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california salaryed worker, working to many hours? California

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  • california salaryed worker, working to many hours? California

    I am a pastry chef in a kitchen in califorina, I was hired @ 35,000 a year. I was hired in end of may begining of june, found out I was pregnat in july. I had 3 days off in the month of september, probaly less in the month of augest. I am required to work @ lest 10 hr shifts, with no enforced breaks (however I do take 15 min naps when I can)...is this legal?

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    Salaried is merely a method of payment. One item which needs clarification is whether you are exempt (not eligible for overtime) or non-exempt (eligible for overtime). This is not the employer's decision; the default is non-exempt unless you fall into one of a limited number of exceptions and there are federal and state guidelines which help make that determination.

    Apparently, for chefs this may be a muddy area. See "Chefs Present a Smorgasbord of FLSA Classification Issues" on the SHRM website, http://www.shrm.org/LegalIssues/Fede...ges/Chefs.aspx. Beyond FLSA (federal law), there may be separate California issues which I have not had time to review.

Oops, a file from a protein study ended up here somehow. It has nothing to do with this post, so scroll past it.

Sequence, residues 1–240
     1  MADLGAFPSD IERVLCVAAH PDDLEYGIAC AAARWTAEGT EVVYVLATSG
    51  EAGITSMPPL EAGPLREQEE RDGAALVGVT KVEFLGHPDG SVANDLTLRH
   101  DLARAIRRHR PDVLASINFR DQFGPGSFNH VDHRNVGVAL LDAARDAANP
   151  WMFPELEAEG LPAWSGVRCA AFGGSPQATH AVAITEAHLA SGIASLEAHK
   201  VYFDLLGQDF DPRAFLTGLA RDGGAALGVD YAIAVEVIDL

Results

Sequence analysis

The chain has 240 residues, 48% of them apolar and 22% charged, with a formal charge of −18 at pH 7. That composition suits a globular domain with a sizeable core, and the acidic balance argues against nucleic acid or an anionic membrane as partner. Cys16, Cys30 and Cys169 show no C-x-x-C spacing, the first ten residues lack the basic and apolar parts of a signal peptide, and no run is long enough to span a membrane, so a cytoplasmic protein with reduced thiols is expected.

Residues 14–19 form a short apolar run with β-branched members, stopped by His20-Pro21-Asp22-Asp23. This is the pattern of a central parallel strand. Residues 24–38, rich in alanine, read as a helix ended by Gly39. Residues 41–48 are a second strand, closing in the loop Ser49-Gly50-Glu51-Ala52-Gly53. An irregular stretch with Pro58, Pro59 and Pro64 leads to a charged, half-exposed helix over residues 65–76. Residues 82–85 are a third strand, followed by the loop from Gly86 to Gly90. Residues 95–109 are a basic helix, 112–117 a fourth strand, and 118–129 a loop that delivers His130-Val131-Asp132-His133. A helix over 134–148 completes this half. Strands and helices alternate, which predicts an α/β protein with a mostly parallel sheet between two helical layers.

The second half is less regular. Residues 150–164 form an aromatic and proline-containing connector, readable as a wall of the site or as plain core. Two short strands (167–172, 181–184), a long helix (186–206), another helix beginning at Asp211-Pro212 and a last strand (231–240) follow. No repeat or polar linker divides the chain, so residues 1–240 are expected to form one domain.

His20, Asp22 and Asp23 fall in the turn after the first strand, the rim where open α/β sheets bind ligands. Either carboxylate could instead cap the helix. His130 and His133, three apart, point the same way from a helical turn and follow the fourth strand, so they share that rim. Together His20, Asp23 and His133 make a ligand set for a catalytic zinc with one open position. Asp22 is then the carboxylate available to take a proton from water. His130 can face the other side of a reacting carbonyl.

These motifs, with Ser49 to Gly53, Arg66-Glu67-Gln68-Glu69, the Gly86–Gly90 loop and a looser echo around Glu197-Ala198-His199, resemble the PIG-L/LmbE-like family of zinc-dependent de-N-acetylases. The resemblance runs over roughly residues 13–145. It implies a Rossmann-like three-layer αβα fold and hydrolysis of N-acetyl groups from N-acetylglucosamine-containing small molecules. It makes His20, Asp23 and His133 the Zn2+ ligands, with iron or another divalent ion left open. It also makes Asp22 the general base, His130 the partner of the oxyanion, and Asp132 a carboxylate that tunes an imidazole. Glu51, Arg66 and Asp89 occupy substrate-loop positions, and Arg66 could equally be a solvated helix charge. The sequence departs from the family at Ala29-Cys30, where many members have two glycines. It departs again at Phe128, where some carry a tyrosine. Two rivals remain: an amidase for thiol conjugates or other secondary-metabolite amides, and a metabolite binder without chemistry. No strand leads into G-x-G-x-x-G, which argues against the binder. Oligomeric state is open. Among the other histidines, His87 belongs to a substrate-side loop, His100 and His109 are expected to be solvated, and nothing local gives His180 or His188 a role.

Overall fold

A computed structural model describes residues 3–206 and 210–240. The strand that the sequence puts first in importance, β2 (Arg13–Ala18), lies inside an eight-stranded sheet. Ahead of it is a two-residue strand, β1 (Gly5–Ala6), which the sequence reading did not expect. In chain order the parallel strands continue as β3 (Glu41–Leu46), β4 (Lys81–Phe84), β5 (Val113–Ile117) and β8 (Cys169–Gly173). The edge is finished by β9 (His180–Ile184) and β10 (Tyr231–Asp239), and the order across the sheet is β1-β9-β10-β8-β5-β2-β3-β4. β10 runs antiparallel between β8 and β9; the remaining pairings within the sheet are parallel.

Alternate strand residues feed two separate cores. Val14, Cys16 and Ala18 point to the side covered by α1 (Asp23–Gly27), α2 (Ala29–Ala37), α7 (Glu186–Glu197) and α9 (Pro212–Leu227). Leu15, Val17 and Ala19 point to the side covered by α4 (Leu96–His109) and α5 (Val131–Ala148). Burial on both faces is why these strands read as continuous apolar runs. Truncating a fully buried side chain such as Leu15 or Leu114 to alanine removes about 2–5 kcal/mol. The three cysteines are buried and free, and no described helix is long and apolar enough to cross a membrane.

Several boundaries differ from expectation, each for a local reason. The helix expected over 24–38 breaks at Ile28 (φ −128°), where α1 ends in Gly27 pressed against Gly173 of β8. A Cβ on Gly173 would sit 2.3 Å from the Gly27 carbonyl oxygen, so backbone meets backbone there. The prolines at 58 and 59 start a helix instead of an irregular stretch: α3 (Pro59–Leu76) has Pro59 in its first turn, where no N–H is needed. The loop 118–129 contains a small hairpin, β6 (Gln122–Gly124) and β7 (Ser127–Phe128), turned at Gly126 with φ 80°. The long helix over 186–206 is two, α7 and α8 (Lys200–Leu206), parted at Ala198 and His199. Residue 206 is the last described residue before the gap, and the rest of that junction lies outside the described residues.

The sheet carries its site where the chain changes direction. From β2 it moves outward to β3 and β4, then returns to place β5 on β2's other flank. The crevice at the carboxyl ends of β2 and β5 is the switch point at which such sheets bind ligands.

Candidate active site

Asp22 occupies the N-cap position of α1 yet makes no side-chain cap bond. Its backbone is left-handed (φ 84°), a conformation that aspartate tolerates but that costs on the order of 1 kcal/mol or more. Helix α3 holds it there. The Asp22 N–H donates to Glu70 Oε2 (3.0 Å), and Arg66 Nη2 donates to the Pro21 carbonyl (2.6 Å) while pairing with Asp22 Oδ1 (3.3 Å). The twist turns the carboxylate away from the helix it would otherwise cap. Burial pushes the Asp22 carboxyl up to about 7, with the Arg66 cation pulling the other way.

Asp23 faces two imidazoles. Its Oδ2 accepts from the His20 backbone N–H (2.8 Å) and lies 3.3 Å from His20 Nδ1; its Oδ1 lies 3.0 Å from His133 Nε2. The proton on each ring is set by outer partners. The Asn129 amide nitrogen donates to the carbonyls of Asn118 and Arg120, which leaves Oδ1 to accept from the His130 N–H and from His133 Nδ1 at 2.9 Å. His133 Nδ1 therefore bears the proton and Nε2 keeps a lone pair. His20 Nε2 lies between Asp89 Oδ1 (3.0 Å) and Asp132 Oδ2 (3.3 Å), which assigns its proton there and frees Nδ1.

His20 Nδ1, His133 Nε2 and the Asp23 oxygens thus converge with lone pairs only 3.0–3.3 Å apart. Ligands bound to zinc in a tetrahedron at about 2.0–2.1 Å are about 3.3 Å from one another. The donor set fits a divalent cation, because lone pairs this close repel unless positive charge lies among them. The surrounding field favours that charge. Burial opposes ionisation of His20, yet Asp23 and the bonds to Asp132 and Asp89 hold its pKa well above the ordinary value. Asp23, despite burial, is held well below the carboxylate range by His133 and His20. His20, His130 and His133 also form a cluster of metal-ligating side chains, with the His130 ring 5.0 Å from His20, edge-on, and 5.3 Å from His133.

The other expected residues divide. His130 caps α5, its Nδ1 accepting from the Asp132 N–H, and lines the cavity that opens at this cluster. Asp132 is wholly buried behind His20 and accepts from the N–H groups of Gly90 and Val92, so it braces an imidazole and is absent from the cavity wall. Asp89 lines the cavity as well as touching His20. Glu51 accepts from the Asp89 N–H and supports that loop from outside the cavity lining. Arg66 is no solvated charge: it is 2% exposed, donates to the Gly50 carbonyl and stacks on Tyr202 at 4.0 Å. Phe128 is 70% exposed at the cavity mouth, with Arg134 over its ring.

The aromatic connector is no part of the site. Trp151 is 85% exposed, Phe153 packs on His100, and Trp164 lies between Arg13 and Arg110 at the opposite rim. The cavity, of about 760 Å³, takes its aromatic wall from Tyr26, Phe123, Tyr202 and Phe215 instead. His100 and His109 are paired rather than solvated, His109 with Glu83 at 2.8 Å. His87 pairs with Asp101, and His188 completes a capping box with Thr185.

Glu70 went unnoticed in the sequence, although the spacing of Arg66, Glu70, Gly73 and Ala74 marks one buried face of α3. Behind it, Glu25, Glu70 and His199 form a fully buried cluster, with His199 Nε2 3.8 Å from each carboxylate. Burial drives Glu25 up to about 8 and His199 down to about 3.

It is legal for your employer to require you to work as many hours as necessary. The issue is whether you get paid overtime or not and until we can get a clearer picture of whether you are exempt or non-exempt, we can't answer that question. Also, if you are non-exempt, California has required rest break and meal break rules.

    You did not ask about your pregnancy status. As you only began working for the employer less than 12 months ago, you will not be eligible for either federal FMLA or California CFRA. However, assuming your employer has five or more employees, you are eligible for California's Pregnancy Disability Leave (PDL). PDL provides for up to four months of unpaid leave for a disability due to pregnancy; childbirth; or a related medical condition. If you have paid in to SDI, you will eligible for state disability benefits as well.

    Someone else may have more info on California's view of exempt/non-exempt for chefs.

    Edited to add: The link to the SHRM article above works when accessed from a Google search on "pastry chef exempt" but from within this post, the link indicates the article is only available to SHRM members.
    Law Firm Business Manager
    Senior Member
    Last edited by Law Firm Business Manager; 10-19-2011, 03:47 PM. Reason: edited for typo and clarity
    While I may work for lawyers, I am not an attorney. Comments I make are based on my working experiences and should not be interpreted as legal advice.

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